pyOpenSSL exposes a few names which are just aliases for other names (for example, X509Name and X509NameType refer to the same object). It does this by calling PyModule_AddObject twice with the same PyObject* but different char* names. Considering what wrote above about reference counts above, you might guess that this needs extra work to get the reference counting to work correctly. Otherwise the second PyModule_AddObject would steal a reference from the first PyModule_AddObject, since that's what stole it from the module initialization code. This wouldn't work very well, since there really are two references to the PyObject* now, not just one.

Though, it turns out that on CPython, it doesn't really matter. The reference count for one of these types, say X509Name again, ends up at around 20 by the time everything is initialized. Being off by one doesn't make a difference, because most of those 20 references last for the entire process lifetime. The value never gets close to 0, so the missing reference is never noticed. However, on PyPy, it turns out the missing reference does matter. I won't try to explain how PyPy manages to support CPython's C extension API, nor how it manages to make a reference counting system play together with a fully garbage collected runtime (ie, PyPy doesn't normally do reference counting). Suffice it to say that on PyPy, sometimes the reference count does get close to 0, and at those times, being off by 1 can be important - because it might mean that the reference count is exactly 0 when it was supposed to be 1. When that happens, PyPy frees the object, but other code continues to use it, and after that the behavior you get is difficult to predict due to memory corruption - but it's certainly not correct.

The fix for this one is simple - add a Py_INCREF before PyModule_AddObject. This was by far the most pervasive bug in pyOpenSSL which needed to be fixed, since it was repeated for each aliased type pyOpenSSL exposed. I added 28 Py_INCREF calls in total to address these.

PyPy doesn't support tp_setattr (yet?)

The type I mentioned above, X509Name, customizes attribute access. It needs to delegate to OpenSSL to determine if an attribute is valid or not, and if so what its current value is. It does this by implementing two C functions, one for the tp_setattr slot and one for the tp_getattro slot. No, that o isn't a typo. The CPython C extension API provides two different ways to customized attribute access. Using one way, tp_setattr and tp_getattr, CPython hands the extension function the name of the attribute as a char*. Using the other way, tp_setattro or tp_getattro, a PyObject* is passed in, instead of a char*.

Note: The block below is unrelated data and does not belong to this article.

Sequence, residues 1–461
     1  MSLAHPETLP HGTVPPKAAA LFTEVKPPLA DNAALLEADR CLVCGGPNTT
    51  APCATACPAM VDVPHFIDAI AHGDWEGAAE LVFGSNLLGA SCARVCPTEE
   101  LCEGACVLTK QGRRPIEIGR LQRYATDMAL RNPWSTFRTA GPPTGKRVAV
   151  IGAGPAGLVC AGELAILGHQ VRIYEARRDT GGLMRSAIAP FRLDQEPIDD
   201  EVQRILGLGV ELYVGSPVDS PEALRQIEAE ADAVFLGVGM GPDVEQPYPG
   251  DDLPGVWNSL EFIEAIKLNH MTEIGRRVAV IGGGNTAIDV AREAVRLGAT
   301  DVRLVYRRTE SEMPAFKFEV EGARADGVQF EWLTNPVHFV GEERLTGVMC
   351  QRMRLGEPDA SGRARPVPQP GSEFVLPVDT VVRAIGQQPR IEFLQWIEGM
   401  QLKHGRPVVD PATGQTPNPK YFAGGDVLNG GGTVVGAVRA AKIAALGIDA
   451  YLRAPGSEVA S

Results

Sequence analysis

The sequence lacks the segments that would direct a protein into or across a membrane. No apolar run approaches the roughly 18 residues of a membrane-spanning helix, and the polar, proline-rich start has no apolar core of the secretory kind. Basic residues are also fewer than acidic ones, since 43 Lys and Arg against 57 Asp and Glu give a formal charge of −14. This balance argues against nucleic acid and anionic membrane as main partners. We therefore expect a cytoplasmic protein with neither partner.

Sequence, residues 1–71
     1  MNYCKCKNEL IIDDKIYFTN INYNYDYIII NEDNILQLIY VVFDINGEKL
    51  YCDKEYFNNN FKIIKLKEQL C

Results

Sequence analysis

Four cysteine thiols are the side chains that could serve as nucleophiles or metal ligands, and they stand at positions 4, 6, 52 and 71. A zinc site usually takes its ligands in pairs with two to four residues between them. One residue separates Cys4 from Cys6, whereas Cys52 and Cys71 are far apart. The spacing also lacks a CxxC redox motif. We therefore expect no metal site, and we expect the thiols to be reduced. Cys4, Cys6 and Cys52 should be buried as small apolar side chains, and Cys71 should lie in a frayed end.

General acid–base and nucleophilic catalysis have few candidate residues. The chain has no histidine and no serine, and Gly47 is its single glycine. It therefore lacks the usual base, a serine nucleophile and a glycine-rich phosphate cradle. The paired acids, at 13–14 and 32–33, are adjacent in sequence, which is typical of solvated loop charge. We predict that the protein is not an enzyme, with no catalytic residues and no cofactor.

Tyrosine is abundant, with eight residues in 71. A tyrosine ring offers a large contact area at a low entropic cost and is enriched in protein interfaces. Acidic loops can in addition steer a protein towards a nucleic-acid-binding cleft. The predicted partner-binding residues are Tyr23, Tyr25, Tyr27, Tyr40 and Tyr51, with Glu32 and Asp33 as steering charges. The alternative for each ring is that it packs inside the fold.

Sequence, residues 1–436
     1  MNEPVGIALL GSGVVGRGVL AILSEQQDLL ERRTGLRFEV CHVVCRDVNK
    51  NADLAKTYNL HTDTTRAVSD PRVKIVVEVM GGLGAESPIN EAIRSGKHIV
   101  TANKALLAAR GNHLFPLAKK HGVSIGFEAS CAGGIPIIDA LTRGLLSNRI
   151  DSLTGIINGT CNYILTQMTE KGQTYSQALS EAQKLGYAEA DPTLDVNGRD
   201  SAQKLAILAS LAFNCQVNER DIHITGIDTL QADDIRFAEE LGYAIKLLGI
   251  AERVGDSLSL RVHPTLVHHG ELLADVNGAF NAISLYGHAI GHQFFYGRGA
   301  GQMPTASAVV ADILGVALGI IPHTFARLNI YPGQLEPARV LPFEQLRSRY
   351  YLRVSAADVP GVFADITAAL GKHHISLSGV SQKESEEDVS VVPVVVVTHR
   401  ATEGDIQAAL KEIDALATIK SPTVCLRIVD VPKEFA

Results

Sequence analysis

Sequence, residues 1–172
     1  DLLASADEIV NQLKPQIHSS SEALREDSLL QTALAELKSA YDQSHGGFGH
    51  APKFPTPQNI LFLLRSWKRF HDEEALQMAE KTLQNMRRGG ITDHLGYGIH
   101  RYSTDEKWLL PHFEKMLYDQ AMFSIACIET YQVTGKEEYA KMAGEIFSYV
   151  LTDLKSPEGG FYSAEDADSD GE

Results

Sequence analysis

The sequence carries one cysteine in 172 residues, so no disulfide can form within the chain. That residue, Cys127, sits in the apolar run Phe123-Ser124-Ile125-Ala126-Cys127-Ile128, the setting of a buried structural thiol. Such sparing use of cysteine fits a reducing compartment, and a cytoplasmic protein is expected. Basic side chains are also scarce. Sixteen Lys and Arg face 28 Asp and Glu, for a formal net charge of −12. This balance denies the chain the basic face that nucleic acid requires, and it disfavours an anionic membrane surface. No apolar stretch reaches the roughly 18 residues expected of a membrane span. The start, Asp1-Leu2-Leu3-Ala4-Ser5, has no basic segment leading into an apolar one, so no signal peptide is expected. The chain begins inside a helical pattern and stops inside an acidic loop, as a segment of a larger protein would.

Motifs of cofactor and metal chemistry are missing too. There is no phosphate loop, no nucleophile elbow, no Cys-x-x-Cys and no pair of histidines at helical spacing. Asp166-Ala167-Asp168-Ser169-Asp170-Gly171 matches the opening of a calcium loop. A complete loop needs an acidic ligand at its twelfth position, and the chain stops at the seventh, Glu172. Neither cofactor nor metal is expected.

So far, PyPy only implements tp_setattro and tp_getattro, not tp_setattr and tp_getattr. It would have been nice to implement this missing feature for PyPy, but instead I switched pyOpenSSL over to the already supported mechanism. This was a very simple change, since most of the lookup code is the same either way, there's just a little extra code at the beginning of the function to convert from PyObject* to char*.

I also learned about a quirk of the tp_setattro API while doing this. I expected setattr(name, u"name", "value") to pass in a PyUnicodeObject*. However, CPython actually encodes unicode to ascii and passes in a PyStringObject* instead.

X509Name.__setattr__ was missing some cleanup code for the AttributeError case

While making the switch to tp_setattro, I noticed a bug in pyOpenSSL where it failed to flush the OpenSSL error queue properly, causing a spurious OpenSSL.SSL.Error to be raised whenever an attempt was made to set an invalid attribute on an X509Name instance. This was easy to fix by adding a call to the function which flushes the error queue.

PyPy doesn't yet support all of the PyArg_ParseTuple format specifiers

Finally, I had to work PyPy itself a little bit to implement the s* and t# format specifiers for PyArg_ParseTuple. PyArg_ParseTuple is how C extension functions unpack the arguments passed to them. A call to this function looks something like PyArg_ParseTuple(args, "s*|i:send", &pbuf, &flags). The string specifies how many and what type of arguments are expected, and the values are unpacked from args into the rest of the arguments passed in. PyPy did not yet support a couple argument types which pyOpenSSL relies on, so I added this support. This code is still in a branch of PyPy, but I hope it will be merged into the default branch soon.

Remaining work

There is one thing left to do before pyOpenSSL will be 100% supported on PyPy. Though I said I implemented s* for PyArg_ParseTuple, I actually only implemented part of it. My code will handle the case where a str is passed in, but not the case where a memoryview is supplied instead. Handling memoryview involves a bit more work and a bit more understanding than I currently have of how PyPy's CPython bridge works. Fortunately there are many useful things that can be done with pyOpenSSL on PyPy even without this feature (when was the last time you constructed a memoryview? :), so I'm still very happy with where things currently stand.

The code